Anyone wanna school me on Puehr??

OK…Im reading this thread on Sheng and Shou Puehr and reading people talk about how sweet and chocolaty and minty puehr is and Im not finding that. Now, I have probably not had any of the good stuff, bit most that I have had has been very earthy with a taste of hay. Again, Im sure I haven’t had anything worth drinking…also, what os the difference between the Sheng and Shu? Anyone wanna school me on the ins and out of good puehr? What kind should I try? What is to stay away from? Help?

17 Replies

Here is the best article on pu’erh I’ve ever read:

As for trying some… you have some of ripe and raw from me. Just rinse each one of them and play around with flash steeping, 5 seconds, 10 seconds, and even 15 seconds. Everyone drinks their pu’erh differently. The dark one is shou (ripe) and the light one is a jasmine sheng (raw).

I gotta figure out what is what…hard to read the purple writing on the clear part of the plastic for me since I have a bad eye and see a little wonky. What temps should I do these steeps? I should have a Gaiwan pretty soon and want to try them using that.

Everyone does theirs differently…

I use 205f for ripe/shou/dark and 190f for sheng/raw/light
Trying to make it easier to understand the differences by look alone with names.

Also, I gravity steep mine at 5 to 10 seconds four times in a row to make one cup with 4 different steeps. Many people drink steep by steep… I tend to drink 15+ steeps on pu’s so I just go in 4 at a time.

gravity steep meaning to use one of the brewers where you sit it on top of the cup for the tea to run into? Also, how much water per steep? In ounces, please. I have a few of those brewers (one from teavana…yeah, I know… :/)

Again, it all comes down to preference over much practice :)
I’m still learning myself. I generally put about 3 ounces of water on to anywhere from 3 to 5 grams depending on the strength of the leaf. That is steeped with three other steepings. I do this with oolongs as well, but at 45 second increments.

I looked, bit I couldn’t find anything resembling the word Puehr…I found one from Capital teas that said 1812, bt I looked it up and that isn’t puehr. Can you tell me what to look for on the names of the packs you sent? Im du founded trying to find it.

You know what… I may have not included them since you’re new to tea. Pu’erh is a whole different thing itself. If I did include them they would be small little circular things wrapped in old paper. I actually bought some for people to play with since I am hosting an introduction to pu’erh education event soon… if you want some let me know and I’ll send them your way.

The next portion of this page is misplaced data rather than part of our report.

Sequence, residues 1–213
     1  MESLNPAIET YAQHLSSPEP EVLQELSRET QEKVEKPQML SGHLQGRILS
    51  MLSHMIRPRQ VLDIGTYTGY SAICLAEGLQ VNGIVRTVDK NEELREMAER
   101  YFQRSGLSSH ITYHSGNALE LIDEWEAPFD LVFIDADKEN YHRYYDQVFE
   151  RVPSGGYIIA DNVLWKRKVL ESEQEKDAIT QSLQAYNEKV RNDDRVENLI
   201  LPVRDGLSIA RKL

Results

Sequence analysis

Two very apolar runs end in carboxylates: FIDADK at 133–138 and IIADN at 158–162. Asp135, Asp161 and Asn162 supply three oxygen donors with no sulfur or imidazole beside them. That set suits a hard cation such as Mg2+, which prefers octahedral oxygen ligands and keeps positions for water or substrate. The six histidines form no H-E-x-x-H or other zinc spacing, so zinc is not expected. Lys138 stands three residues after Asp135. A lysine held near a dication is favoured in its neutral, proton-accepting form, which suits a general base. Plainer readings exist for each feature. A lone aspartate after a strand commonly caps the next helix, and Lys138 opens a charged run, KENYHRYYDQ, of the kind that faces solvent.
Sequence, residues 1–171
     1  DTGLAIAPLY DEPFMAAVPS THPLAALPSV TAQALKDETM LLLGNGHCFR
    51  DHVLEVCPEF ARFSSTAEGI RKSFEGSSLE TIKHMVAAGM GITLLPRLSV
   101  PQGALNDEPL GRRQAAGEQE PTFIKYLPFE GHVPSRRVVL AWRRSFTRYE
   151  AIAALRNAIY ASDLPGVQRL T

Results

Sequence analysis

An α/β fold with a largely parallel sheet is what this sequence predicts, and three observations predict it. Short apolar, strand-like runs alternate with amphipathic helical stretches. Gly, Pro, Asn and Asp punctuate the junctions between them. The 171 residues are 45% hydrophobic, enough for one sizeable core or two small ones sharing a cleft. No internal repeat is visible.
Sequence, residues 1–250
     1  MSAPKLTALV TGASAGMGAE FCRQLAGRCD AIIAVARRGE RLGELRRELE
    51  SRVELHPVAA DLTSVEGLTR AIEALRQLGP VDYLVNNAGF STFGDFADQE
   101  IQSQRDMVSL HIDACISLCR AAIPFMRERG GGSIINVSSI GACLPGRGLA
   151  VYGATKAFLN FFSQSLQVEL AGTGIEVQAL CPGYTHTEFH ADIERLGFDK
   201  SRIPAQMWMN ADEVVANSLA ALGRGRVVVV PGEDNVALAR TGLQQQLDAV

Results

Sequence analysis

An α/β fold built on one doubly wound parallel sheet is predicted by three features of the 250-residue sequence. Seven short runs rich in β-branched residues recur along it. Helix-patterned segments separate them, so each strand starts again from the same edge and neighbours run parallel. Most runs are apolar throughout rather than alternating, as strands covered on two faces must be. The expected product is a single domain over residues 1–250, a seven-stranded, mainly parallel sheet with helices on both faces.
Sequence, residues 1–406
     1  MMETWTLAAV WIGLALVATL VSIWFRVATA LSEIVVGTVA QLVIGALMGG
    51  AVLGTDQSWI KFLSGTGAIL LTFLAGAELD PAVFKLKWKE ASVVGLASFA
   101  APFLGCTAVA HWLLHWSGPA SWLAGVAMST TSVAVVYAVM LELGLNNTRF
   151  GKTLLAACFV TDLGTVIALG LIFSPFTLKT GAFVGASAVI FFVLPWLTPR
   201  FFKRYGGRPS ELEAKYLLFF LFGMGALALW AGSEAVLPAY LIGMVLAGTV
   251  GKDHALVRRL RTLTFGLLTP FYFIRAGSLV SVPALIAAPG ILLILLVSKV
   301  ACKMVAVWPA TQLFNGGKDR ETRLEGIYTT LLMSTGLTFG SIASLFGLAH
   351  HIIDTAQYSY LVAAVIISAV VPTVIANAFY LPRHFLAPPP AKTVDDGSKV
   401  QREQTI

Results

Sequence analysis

I’m glad I’m not crazy. Lol. I looked for those for an hour. Lol. Pm me with how much for them as well as shipping. I’ll take em.

Free… I’ll send them out on Tuesday

AllanK said

When people talk of gravity steeping for puerh they are generally talking about something called a Kamjove.
Kamjoves are rated anywhere from 200ml to 1000ml, however that rating is misleading. That is the total capacity of the main vessel, not the capacity of the steeping basket. The 300ml Kamjove here probably has a 130ml steeping basket.

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Kayla select said

Thank you for this topic. I have not yet purchased and have tried very few Puehrs (no cakes or anything special) but am interested and will be following to increase my tea knowledge :D

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Dexter said

You mentioned chocolate and sweet notes in your opening post. There was a thread here awhile ago about pu’erh with the most natural chocolate notes in them. That thread might also give you some more info in finding a few to try that are what you are looking for….

Grill said

I was drinking a MengHai dayi 2012 golden Needle White lotus last night that tasted like melted bitter sweet chocolate. Leaf ratio was really high though. Close to 13 grams in a 80ish ml shibo

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mrmopar said

Here are a couple of videos. Not entirely correct but some good info.

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Cwyn said

So, WhiskerBewbs, do you prefer tea balls or tuos?

Uhhh…again I’m new so school me in tuos? Tea balls? Help?

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mrmopar said

Tea balls are tea leaf rolled into balls usually 8 grams or so.
Been Cha- Round tea cakes 100 to 1000 grams.
Tuo Cha- nest shaped tea cake 100 to 250 grams usually.
Fang Cha- square tea or tea brick 100 to 2000 grams.
Mini tuo cha- same as tuo cha usually dust and fannings.
In order of leaf quality (in most instances).
Beeng Cha best grade.
Tuo Cha next level down.
Fang Cha one below.
Tuo Cha (except for our local guys) dust and leftovers.

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